In February he received an endorsement of William D. Payne[24] and March from Donald Payne, Jr.,[25] both of whom who are part a long time Newark political dynasty. He has also been endorsed by the Teamsters,[26] State Senator Teresa Ruiz and Assemblywoman Eliana Pintor-Marin.[27] Jeffries received the endorsements of Board of Chosen Freeholders President Blonnie Watson, Freeholder Vice-President Patricia Sebold and Freeholder D. Bilal Beasley. Hakeem Jeffries, the Democratic member of the U.S. House of Representatives, representing New York's 8th congressional district in Brooklyn and Queens with roots in Newark, has also endorsed Jeffries. In May he received the endorsement of Eva Longoria.[28] Jeffries was endorsed by the The Star-Ledger.[29]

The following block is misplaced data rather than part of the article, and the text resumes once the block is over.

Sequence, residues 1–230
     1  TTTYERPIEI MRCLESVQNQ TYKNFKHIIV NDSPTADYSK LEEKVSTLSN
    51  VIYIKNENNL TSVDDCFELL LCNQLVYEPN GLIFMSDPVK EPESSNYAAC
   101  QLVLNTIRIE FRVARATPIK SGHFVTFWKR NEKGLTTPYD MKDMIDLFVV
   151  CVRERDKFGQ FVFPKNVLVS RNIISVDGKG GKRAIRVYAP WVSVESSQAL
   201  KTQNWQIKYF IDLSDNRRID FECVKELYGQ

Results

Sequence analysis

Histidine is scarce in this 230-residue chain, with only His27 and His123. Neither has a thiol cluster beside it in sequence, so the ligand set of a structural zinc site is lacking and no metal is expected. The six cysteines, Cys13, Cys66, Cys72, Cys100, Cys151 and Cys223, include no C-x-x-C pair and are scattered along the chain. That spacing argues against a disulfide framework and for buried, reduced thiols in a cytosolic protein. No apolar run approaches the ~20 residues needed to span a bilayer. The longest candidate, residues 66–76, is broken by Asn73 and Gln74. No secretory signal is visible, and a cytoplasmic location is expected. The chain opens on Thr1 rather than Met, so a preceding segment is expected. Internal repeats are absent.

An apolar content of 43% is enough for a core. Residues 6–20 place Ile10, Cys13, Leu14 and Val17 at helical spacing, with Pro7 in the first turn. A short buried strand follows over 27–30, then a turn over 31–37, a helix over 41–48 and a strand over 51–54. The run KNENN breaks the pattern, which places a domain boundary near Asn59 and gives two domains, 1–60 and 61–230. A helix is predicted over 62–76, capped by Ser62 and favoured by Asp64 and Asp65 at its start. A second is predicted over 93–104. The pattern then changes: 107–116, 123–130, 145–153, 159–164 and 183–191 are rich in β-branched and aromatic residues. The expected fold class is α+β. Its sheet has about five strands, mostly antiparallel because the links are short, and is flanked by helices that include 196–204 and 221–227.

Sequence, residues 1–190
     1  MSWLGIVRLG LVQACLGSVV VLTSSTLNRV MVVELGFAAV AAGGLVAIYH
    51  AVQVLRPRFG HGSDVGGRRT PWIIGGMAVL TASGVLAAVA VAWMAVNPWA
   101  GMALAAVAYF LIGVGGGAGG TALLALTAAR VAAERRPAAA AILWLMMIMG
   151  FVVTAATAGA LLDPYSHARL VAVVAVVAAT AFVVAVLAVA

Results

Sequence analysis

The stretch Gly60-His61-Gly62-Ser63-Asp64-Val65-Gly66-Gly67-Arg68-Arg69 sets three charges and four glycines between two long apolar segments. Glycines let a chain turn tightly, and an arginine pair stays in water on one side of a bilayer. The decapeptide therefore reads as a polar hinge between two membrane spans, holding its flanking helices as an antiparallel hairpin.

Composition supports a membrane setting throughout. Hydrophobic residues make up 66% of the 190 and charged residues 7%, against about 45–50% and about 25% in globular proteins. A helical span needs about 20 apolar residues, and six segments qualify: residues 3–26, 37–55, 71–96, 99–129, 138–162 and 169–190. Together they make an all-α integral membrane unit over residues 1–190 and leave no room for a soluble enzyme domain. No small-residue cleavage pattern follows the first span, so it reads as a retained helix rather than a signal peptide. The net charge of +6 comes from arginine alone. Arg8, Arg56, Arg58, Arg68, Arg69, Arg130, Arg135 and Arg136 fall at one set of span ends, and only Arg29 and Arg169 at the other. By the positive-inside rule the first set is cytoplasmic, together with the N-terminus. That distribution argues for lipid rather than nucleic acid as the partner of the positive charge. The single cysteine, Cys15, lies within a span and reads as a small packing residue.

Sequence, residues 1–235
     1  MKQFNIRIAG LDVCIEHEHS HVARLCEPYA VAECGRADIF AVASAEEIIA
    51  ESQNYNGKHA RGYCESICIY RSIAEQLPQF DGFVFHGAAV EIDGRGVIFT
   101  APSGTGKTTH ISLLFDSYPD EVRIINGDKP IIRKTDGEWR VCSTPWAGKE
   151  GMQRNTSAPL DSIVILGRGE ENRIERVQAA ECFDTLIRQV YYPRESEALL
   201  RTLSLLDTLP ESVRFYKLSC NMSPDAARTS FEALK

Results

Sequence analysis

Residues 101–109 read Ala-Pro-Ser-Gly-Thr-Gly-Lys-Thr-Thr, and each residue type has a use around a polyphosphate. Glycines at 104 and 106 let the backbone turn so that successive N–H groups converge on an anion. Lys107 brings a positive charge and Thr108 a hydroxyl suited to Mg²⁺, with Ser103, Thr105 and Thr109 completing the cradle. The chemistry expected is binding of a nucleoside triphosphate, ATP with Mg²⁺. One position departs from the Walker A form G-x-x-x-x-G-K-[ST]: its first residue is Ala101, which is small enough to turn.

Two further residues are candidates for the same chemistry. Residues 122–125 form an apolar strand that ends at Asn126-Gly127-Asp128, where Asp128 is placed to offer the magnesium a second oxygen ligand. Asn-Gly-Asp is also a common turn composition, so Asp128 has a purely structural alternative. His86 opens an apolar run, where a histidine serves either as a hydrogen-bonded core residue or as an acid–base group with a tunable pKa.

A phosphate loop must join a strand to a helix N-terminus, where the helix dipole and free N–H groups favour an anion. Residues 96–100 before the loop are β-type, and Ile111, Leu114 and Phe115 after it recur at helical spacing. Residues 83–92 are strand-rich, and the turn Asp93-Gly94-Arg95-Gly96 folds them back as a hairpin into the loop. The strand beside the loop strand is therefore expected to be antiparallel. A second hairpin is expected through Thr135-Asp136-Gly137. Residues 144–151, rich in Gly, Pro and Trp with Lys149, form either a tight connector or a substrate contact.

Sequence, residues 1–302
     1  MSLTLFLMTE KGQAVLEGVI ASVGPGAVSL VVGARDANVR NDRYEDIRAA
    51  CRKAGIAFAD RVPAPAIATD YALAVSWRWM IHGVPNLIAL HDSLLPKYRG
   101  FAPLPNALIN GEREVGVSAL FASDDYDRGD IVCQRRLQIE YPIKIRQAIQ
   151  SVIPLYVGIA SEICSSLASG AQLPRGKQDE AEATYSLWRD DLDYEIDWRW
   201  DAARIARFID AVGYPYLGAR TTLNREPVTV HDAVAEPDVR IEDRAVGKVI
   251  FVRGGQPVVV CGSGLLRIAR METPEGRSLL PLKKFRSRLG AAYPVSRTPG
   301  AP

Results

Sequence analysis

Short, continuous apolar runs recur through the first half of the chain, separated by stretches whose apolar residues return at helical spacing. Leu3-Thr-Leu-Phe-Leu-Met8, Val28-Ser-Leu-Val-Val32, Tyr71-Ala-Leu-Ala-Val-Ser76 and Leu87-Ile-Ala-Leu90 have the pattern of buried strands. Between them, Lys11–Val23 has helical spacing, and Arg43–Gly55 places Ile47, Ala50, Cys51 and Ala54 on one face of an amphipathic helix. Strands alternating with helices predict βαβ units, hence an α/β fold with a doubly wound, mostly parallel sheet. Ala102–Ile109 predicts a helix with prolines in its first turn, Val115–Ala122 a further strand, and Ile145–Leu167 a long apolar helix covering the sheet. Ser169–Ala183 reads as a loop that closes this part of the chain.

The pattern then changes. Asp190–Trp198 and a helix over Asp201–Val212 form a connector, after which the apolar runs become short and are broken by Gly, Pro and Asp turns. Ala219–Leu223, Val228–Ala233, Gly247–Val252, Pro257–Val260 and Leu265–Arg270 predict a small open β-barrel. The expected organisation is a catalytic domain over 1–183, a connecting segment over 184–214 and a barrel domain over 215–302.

Jeffries conceded the race to Baraka at the Golden Dome Athletic Center on election night.[30]


In 2015 Jeffries has established the Donna Johnson Memorial Scholarship to support the educational development of a young person who has experienced the loss of a parent, guardian, or loved one because of domestic violence, or whose life has otherwise been touched by violence against women.[31]


  1. ^ a b Los Angeles Times (3 September 2015). "Democrats for Education Reform's Shavar Jeffries on how to fix his own movement". Retrieved 4 September 2015. 
  2. ^ a b "Ex-Newark mayoral candidate Jeffries to head education lobbying group, reports say". Retrieved 4 September 2015. 
  3. ^